Expanding Access to Hands-On Science


Dr. Lina Nilsson, Tekla Labs Cofounder. (Photo credit: Make Magazine)

Recently, I interviewed Lina Nilsson, the co-founder of Tekla Labs, a non-profit organization committed to lowering the cost of biological research in developing countries and expanding access to hands-on science learning in schools and colleges.  Lina was recently named one of MIT Technology Review’s “35 Innovators under 35.”

What motivated you to start Tekla Labs?

After I finished my PhD, I traveled for a year across Asia and South America on a Bonderman Travel Fellowship, designed to allow recipients “to come to know the world in new ways.” It worked. While traveling, I visited different science labs. Some had very limited resources, which got me thinking about globally open access to physical tools and infrastructure. I see this as the new horizon for democratizing science, beyond open data and open knowledge movements (such as open access science journals).

Furthermore, as a scientist, I am deeply motivated by enabling hands-on science teaching. To this end, Tekla Labs is beginning to work on collaborative projects with U.S. colleges and schools.

What are some of the most important opportunities to lower the cost of equipment for biological research?

The equipment needed to prepare samples, even for cutting edge experiments, is much more low-tech than many people realize. I sometimes call these workhorse tools the ‘shake-stir-heat-cool equipment,’ as the key functions behind them are often fairly simple. These are the bench top centrifuges, magnetic stirrers, incubators, water baths, hot plates and sample rotators that are found in nearly all biology research labs. There is a major opportunity for DIY savings here. Most of this equipment has already been built DIY in many labs at costs as little as 1/10 of the commercial equivalent. This is a huge savings, particularly if you think about teaching labs where whole classes currently often share one water bath or a few stirrers, greatly holding back what can be done and how engaged students will be. The challenge is now to facilitate easy replication of these DIY designs more broadly.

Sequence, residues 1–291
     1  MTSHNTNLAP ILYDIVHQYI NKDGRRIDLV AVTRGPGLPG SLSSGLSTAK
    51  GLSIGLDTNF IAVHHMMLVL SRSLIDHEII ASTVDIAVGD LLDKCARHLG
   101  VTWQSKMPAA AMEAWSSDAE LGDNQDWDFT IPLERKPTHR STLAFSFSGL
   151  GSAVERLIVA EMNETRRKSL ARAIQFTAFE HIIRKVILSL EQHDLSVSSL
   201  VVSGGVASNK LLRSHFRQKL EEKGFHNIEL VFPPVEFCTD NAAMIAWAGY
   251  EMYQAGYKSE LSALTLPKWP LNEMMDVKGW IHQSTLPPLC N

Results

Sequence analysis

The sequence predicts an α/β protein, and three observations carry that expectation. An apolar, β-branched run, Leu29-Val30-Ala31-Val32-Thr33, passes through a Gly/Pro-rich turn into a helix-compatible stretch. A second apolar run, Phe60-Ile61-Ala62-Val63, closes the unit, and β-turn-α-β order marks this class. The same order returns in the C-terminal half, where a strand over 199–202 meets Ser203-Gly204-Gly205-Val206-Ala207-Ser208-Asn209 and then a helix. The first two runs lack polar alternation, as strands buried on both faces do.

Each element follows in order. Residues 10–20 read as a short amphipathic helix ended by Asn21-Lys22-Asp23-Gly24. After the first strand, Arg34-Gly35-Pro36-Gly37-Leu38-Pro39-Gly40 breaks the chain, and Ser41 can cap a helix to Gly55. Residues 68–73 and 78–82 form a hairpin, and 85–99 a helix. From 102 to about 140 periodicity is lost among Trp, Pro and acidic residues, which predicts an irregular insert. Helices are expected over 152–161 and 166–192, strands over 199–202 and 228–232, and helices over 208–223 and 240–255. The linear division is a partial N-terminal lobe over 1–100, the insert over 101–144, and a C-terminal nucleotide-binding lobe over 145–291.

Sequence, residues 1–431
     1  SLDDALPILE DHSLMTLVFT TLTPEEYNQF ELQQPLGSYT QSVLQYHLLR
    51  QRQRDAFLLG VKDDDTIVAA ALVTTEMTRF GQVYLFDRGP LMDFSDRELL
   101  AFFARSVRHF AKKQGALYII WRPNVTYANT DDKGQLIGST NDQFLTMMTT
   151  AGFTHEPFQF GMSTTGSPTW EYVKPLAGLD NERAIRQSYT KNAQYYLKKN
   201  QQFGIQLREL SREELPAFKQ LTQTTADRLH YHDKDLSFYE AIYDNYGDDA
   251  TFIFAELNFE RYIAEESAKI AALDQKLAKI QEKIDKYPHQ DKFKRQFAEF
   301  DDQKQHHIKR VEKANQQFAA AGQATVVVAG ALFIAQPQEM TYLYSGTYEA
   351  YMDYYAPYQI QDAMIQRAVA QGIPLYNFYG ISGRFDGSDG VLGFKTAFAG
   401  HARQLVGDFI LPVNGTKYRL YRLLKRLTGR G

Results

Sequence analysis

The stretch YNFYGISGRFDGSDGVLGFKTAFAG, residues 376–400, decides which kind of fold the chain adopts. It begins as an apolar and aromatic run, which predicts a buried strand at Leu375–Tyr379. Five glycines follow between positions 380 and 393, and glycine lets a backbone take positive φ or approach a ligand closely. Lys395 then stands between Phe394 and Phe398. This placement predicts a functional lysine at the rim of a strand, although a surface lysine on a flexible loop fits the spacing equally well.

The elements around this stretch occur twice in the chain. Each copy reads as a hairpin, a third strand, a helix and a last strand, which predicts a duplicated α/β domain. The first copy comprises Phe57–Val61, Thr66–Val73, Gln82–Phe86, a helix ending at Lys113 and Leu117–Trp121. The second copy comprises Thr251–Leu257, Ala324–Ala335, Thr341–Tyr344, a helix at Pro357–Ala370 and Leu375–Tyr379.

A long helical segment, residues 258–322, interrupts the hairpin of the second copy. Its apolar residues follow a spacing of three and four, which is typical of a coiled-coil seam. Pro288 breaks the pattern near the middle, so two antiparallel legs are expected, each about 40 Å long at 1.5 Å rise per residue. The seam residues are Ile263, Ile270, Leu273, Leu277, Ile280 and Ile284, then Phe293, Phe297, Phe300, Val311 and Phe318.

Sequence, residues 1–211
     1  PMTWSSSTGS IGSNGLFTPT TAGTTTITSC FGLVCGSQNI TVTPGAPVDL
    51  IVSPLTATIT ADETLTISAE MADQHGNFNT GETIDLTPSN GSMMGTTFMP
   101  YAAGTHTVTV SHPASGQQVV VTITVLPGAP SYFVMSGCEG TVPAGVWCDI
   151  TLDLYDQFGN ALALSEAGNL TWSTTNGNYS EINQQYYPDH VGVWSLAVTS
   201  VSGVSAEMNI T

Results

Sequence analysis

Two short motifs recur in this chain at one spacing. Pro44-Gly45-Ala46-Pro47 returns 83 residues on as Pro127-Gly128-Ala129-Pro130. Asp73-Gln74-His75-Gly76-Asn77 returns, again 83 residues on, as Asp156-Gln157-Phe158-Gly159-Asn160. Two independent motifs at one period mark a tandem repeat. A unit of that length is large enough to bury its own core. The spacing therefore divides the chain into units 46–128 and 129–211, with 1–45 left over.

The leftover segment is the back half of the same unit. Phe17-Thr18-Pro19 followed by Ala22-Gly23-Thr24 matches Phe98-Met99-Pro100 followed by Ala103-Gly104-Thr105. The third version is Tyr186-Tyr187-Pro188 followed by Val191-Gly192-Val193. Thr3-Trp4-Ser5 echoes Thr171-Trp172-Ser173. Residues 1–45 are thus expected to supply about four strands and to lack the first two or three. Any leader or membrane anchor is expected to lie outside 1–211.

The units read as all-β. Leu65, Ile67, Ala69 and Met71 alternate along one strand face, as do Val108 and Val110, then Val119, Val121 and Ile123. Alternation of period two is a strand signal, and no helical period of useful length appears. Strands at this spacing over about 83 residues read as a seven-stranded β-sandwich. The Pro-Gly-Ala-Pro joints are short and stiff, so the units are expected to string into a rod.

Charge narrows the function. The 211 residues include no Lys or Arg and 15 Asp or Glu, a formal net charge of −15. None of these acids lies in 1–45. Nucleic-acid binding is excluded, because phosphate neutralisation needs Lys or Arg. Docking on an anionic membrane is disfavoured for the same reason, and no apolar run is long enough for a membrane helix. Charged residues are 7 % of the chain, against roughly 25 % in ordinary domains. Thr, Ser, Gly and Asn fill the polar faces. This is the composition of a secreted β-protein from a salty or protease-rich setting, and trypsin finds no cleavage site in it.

What is the “Build My Lab” competition?

Tekla Labs is excited to be collaborating with Instructables to challenge research scientists and engineers, makers and DIY enthusiasts, and mechanical and electrical designers to share their best do-it-yourself lab equipment designs. By contributing, people can be a part of the movement to democratize science and also have a chance to win an array of great prizes that are at the core of any design shop, such as 3D printers and a mini-mill.

What kind of help would be most useful from researchers, companies, and other stakeholders?

We want to grow our network of people and groups who contribute equipment designs. Support for expanded designing and testing new and more sophisticated equipment would also be a game-changer.

We also know that essentially all standard workhorse lab equipment can and has been built non-commercially, using off-the-shelf parts. The challenge is instead to share these designs in easy-to-follow steps, yet with rigorous quality control, so that they can be leveraged by researchers more broadly. New intuitive and open online platforms for sharing and evaluating instructions would be incredibly helpful not just to Tekla Labs but to many other open sharing initiatives.

Finally, we’d also love to see an ‘IKEA for lab equipment’ that sold unassembled equipment kits. This would greatly help reduce costs while also lowering the entry barrier to building equipment in-house.

If more people and organizations got behind your effort to democratize research, how would the word be different in 5-10 years?

A large movement would allow students in colleges and K-12 schools to participate in real hands-on experimentation. This is important for fostering the next generation of problem-solvers.

Scientist and engineers everywhere, not just those at select institutions, would be able to do research experiments to help solve both locally-focused and globally-spanning challenges. Our success will be when the next new breakthrough malaria treatment comes from a young scientist in Nigeria, and the next-generation flu-epidemic detection systems are from a biotechnology undergraduate class in California. Great ideas are everywhere, and we need to ensure that the opportunity to act on them is as well. Breakthroughs in medicine and biology must be harnessed from a truly global scientific community.

Tom Kalil is Deputy Director for Technology and Innovation at OSTP

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